My boat is set up for 240v and 50hz, so thatís not a problem, but it would be nice if I could be prepared in advance for the shore side connectors that I will need. Is it usually easy enough to buy, borrow, or rent the connectors or adaptors at the marinas?
Sometimes marinas have adaptors available for use or rent. Other places (more) there is a nearby marine store willing to sell you the plug you need. And finally, sometimes you have to go into town and a hardware store.

It's the first thing you do when you get to a new place; get shore power hooked up (and turn on the air conditioner). The next thing is to get Internet working. All of this is usually before checking in to the country or the marina. Once you have shore power, air cond. and Internet, then check in, then clean up the boat. (somewhere in there was a good drink) Then you can relax.
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Old 11-10-2018, 21:47   #7
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Re: Shore power in Pacific marinas

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Once you have shore power, air cond. and Internet, then check in, then clean up the boat. (somewhere in there was a good drink) Then you can relax.

Good plan!
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Old 11-10-2018, 22:45   #8
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Re: Shore power in Pacific marinas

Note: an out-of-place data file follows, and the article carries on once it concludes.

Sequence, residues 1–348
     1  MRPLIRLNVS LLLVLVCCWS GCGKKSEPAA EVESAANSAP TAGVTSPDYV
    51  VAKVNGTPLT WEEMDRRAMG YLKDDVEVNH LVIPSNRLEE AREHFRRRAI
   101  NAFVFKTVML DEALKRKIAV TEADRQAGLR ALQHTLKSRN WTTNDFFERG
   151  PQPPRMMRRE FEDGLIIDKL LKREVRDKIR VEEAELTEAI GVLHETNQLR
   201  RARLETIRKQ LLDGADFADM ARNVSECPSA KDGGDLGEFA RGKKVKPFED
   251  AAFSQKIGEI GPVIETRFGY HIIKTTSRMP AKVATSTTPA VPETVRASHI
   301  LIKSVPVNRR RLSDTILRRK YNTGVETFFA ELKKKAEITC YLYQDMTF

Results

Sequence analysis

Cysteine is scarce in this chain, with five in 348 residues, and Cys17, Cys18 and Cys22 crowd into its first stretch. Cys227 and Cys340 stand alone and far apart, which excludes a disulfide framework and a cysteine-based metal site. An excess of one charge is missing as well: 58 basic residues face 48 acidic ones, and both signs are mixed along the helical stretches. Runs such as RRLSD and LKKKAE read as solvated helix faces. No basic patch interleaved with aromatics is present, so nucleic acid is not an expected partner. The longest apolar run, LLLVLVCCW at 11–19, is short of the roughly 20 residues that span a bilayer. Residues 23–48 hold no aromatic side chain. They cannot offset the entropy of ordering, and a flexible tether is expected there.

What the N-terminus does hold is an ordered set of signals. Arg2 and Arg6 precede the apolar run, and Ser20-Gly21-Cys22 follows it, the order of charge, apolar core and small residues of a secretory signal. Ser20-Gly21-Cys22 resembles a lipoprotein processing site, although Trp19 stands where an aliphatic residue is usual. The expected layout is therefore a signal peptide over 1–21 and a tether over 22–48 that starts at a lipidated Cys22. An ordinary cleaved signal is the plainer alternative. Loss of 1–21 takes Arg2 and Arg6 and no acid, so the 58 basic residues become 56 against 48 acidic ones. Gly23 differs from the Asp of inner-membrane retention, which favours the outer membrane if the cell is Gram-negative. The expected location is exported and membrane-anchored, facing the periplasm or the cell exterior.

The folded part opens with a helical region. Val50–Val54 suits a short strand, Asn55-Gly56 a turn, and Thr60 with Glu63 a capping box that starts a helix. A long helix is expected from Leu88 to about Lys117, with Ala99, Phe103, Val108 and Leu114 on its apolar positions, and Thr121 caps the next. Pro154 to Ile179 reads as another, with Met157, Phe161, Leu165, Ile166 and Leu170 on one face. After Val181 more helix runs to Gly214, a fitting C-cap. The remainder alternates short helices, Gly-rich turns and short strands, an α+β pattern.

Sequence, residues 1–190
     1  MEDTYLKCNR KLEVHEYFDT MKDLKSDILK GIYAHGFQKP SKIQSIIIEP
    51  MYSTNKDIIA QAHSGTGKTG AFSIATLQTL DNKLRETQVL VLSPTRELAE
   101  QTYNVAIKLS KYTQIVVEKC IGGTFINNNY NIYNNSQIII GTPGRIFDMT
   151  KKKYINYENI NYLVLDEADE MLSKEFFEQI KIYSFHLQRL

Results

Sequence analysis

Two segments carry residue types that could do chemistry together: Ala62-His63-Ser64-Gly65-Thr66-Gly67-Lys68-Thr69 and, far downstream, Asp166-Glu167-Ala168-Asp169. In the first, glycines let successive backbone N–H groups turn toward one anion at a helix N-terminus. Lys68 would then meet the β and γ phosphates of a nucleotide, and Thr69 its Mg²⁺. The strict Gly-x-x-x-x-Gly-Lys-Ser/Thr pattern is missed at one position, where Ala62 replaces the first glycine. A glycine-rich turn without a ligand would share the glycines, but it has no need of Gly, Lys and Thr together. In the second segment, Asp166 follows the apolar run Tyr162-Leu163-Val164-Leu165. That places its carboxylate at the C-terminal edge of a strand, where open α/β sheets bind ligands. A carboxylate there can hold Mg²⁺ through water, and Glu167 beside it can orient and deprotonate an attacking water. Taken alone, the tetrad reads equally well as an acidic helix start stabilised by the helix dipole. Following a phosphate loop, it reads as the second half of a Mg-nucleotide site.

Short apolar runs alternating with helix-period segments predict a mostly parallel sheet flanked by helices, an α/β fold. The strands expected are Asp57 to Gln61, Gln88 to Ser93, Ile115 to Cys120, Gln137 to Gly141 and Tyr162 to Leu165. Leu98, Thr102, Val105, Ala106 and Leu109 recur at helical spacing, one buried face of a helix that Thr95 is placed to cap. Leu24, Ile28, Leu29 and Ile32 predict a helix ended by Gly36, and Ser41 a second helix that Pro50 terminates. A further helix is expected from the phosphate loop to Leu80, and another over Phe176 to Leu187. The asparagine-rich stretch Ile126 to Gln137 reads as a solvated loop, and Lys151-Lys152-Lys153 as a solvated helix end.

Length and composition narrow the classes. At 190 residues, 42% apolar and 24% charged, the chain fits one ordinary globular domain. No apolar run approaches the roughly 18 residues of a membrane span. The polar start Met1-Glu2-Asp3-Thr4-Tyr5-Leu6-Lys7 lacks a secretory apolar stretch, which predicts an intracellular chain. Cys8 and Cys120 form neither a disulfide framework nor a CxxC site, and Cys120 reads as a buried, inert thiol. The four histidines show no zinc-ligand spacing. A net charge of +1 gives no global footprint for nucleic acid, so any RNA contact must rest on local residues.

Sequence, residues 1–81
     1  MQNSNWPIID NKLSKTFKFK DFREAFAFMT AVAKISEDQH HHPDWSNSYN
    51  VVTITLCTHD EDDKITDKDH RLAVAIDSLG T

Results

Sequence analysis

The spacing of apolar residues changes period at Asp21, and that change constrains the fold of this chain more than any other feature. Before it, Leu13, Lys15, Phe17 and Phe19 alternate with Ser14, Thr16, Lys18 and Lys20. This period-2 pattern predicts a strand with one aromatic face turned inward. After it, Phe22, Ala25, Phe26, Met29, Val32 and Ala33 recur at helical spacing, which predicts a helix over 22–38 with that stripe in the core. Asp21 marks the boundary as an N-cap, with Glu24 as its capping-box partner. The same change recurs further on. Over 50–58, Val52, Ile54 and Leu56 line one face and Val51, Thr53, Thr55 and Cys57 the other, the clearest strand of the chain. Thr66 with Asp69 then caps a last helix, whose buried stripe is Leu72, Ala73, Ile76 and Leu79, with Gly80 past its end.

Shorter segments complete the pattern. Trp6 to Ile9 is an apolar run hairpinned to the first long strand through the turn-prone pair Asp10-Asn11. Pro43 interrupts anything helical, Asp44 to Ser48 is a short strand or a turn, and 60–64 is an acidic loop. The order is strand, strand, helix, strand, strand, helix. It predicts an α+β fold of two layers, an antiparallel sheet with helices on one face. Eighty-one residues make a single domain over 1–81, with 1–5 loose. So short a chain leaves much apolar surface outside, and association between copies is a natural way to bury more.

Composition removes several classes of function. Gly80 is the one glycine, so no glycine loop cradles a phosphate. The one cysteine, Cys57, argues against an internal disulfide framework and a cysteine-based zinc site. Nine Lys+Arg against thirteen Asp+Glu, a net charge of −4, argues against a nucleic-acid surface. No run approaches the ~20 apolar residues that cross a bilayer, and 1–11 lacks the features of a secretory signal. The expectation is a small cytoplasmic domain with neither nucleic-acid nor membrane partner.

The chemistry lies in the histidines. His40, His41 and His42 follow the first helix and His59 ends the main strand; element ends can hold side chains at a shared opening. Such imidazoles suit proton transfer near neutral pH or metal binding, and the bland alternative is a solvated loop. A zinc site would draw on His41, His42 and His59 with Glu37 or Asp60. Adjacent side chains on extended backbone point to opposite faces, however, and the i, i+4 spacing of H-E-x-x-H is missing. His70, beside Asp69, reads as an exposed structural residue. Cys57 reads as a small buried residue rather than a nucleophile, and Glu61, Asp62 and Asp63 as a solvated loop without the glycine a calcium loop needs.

We have just traversed this path with a 230/240V, 50Hz boat. The most common, but by no means universal connector was this one (IEC 60309):



This type comes in two sizes, the most common is 16A, the next size up can sometimes be found, but most systems across the Pacific can't provide the large quantities of juice you may be accustomed to. These connectors are almost universal in former European possessions, especially French.

When you get to NZ the system is different, and at least in theory your shore power cord and connections must be inspected and labeled by a local licensed electrician. Some marinas enforce this more than others, but there are people who walk the docks checking the certification labels on the cords. Best bet is to find a friendly marina on arrival where you can get your cord certified inexpensively, then the label is good for a year at more strict places.

We never tied up in Tonga/Fiji/Cooks so didn't really look at them there.

As the others have said, you will likely end up in the hardware store several times and swapping the plug at the shore end of your cable as you get to different places.
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Old 12-10-2018, 01:35   #9
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Re: Shore power in Pacific marinas

Fiji uses (in the West at least) the same plugs as NZ. 240/50.

Correction for NZ - itís not just the cord that must be certified but the boatís electrical system itself if you want to connect to shore power while on the water. Itís called an Electrical Warrant of Fitness and most marine electricians can do them. If youíre up on the hard no EWOF is needed.